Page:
Large Terracotta Horse from Canosa

Culture: Greek/Canosan
Period: 3rd century B.C.
Material: Terracotta
Dimensions: 24 cm x 25.5 cm
Price: Sold
Ref: 2546
Provenance: Belgian private collection, acquired in November 1996 by André de Munter Archéologie in Brussels, Belgium. With a document by André de Munter, as well as an old photograph of November 1996.
Condition: Very well preserved.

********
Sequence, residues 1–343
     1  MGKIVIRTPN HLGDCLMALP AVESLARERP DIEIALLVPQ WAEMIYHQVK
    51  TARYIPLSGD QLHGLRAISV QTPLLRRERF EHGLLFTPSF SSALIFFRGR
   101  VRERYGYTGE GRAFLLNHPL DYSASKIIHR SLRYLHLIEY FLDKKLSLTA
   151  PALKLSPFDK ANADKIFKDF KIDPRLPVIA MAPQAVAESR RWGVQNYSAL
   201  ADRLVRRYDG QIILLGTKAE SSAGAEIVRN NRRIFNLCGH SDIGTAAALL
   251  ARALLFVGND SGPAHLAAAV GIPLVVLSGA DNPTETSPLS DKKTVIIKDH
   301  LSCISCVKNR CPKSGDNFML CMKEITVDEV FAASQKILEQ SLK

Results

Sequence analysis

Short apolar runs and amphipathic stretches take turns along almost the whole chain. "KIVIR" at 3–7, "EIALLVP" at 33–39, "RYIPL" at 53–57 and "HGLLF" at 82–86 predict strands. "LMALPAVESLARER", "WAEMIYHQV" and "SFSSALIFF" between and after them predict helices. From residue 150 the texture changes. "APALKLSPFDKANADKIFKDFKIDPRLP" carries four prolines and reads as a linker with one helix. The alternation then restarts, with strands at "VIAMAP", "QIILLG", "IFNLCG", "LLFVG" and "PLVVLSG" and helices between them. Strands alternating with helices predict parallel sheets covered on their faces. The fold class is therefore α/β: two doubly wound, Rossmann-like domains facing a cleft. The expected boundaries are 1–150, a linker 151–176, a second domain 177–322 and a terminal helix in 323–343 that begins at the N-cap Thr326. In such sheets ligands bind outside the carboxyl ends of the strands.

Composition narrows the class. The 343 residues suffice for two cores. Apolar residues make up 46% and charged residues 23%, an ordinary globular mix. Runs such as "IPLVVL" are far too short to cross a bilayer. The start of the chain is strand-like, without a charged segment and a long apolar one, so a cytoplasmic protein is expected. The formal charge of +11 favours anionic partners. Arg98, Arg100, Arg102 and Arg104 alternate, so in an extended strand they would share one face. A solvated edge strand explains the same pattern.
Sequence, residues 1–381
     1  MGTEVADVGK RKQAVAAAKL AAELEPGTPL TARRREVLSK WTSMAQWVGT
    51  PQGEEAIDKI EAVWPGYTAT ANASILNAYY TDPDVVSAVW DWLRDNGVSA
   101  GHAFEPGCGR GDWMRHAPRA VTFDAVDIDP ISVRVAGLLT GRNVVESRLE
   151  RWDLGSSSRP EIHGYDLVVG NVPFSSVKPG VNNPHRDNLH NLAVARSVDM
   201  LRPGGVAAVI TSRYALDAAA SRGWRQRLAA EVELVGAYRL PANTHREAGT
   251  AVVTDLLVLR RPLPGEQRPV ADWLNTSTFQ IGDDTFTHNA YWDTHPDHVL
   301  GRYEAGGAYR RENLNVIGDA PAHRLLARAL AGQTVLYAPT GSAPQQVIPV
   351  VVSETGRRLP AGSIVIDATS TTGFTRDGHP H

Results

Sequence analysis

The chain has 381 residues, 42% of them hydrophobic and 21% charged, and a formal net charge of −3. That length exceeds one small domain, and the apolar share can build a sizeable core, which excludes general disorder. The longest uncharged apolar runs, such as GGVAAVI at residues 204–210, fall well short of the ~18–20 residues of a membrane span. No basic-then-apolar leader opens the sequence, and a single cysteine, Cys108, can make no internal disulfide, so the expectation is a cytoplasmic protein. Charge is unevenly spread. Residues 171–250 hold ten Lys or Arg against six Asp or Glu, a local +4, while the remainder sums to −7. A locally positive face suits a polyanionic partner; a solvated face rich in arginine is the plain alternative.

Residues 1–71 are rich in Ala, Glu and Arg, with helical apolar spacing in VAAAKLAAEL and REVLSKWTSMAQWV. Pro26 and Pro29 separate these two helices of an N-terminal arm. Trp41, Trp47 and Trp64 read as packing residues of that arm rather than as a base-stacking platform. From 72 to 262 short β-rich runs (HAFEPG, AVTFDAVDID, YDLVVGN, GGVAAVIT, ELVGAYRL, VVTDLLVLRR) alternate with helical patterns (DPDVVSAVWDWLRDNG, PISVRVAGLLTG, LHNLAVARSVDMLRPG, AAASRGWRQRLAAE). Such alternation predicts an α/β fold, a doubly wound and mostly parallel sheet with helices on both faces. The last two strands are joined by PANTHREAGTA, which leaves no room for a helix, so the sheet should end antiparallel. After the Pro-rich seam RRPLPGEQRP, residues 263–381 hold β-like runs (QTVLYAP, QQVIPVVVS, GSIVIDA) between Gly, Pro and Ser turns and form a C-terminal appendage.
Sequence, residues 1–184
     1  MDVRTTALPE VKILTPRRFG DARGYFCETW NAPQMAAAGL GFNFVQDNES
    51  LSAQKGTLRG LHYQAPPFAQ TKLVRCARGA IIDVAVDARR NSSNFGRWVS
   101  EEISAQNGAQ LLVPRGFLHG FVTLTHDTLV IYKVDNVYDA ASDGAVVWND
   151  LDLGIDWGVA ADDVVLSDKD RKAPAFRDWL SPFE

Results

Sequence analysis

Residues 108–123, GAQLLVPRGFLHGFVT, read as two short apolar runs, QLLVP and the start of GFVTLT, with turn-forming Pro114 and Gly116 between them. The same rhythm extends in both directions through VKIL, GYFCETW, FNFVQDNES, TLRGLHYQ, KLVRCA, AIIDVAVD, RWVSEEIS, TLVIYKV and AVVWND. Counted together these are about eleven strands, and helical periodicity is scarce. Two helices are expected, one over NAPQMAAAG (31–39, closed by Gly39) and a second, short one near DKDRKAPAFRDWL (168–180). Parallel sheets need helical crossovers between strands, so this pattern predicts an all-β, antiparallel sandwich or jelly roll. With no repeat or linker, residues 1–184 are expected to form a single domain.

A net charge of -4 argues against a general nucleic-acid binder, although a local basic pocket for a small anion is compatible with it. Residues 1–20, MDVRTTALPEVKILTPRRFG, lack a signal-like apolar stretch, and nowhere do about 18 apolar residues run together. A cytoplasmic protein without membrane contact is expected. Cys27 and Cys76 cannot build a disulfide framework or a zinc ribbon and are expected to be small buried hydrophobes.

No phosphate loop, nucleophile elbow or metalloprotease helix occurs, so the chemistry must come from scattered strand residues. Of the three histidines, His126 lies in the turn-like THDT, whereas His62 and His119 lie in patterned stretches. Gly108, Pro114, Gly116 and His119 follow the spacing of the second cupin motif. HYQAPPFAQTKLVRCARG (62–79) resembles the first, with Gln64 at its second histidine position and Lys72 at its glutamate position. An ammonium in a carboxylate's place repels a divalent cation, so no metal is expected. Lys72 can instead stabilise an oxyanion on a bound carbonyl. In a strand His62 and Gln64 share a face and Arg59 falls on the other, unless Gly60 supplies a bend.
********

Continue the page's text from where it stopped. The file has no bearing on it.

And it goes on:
Description: Exceedingly vigorous and lifelike terracotta sculpture of a horse from Canosa. The animal in a rearing up posture with raised forelegs and slightly downwards hooves. The hindlegs with tensed muscles are also stretched out. The tail is raised. Legs, back, flank, belly and chest are anatomically diligently modelled. The head with a short, thick mane is also worked out in detail – with eyes and bulging brows, with a strong, closed mouth. Parts of the bridle are still preserved. On the forehead, on the ganaches, as well as around the mouth disc-shaped decoration, which lends the animal a special status. Horses were considered as a symbol of prosperity during the Hellenistic period and were found as high-quality statuettes for votive offerings in tombs and temples. A perforation on the back assumes that a rider, which was seperately worked out, once sat on the back of the animal. See for the typus the statuette in the Museum of Fine Arts in Boston with the Accession Number 1981.385a-b. Mounted.